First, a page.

If you have received your booster dose of the COVID-19 vaccine or are due to, you might experience some side effects. While these are generally mild, it is good to know what to expect and how to deal with them.
Side effects of the booster
Most side effects are mild and should not last longer than a week, such as:
- Feeling tired
- Tenderness, swelling, redness or itching in your arm where you had the vaccine injection
- Swollen lymph glands under the arm where you had the injection
- Feeling achy
- Nausea or vomiting
- Fever (temperature of 38 degrees Celsius or above)
Tips to cope with booster side effects
It’s common to develop a fever (temperature of 38 degrees Celsius or above) after any vaccination.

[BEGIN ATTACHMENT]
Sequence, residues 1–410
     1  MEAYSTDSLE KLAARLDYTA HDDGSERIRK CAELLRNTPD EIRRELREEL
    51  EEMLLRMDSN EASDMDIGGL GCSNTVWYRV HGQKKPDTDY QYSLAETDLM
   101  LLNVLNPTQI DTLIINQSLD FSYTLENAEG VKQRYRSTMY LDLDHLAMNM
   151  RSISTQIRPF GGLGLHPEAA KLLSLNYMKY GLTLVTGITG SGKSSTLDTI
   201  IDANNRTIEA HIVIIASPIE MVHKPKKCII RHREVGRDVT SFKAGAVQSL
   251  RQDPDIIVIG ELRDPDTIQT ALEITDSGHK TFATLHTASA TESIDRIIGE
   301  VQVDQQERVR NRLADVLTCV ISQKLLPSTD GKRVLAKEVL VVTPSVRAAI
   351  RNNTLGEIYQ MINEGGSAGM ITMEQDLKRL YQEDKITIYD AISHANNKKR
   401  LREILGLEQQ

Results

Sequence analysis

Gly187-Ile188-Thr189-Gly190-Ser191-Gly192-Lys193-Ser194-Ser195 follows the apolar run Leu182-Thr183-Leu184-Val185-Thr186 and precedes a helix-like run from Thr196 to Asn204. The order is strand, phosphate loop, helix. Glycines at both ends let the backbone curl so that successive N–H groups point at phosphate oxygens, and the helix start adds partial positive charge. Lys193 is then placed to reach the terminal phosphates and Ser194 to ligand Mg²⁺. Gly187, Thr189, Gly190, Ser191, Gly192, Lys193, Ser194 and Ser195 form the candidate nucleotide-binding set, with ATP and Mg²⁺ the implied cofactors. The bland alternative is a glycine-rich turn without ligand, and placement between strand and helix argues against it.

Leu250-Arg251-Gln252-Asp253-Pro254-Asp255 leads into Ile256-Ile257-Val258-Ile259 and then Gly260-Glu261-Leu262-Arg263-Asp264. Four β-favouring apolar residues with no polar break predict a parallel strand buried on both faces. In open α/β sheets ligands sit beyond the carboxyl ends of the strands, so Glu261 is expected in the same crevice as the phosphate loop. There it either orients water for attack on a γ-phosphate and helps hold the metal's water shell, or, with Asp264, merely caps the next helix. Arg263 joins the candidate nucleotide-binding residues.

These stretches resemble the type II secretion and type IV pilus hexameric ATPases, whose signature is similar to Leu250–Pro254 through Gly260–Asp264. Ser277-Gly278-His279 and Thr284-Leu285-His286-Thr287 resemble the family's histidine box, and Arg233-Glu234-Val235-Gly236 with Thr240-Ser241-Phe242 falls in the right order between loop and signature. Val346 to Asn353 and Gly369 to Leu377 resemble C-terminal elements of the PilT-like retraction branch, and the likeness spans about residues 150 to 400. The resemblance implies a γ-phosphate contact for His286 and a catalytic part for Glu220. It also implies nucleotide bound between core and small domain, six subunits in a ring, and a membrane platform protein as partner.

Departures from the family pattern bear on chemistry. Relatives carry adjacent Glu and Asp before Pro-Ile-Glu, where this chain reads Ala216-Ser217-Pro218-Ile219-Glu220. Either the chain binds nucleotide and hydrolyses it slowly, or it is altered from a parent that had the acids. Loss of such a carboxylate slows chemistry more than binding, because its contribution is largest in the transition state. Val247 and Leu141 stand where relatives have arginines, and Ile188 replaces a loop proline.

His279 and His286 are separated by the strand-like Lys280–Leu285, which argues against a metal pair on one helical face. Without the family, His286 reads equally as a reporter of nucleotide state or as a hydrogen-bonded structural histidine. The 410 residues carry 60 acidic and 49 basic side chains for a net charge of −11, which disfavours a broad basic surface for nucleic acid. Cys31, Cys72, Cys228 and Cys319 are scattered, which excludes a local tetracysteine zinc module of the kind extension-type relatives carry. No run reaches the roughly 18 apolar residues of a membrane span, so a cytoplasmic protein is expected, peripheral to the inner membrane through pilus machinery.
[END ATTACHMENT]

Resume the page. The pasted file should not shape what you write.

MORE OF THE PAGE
This usually happens within 2 days (48 hours) of getting the vaccine. It usually goes away within 2 days.
To reduce discomfort from fever:
- Drink plenty of fluids
- Dress lightly
- Take paracetamol or ibuprofen following the instructions on the box or leaflet
If your fever starts more than 2 days after you are vaccinated, or lasts longer than 2 days, you should self-isolate (stay in your room).
Phone your GP to arrange a COVID-19 test.
To reduce pain and discomfort where the booster is given:
- Apply a clean, cool, wet washcloth over the area
- Use or exercise your arm
Side effects can affect your ability to do daily activities, but they should go away in a few days.
In most cases, discomfort from pain or fever is a normal sign that the body is building protection.
Contact a doctor or healthcare provider:
- If the redness or tenderness where the shot was given gets worse after 24 hours
- If the side effects are worrying or do not seem to be going away after a few days
Information sources: HSE, NHS & CDC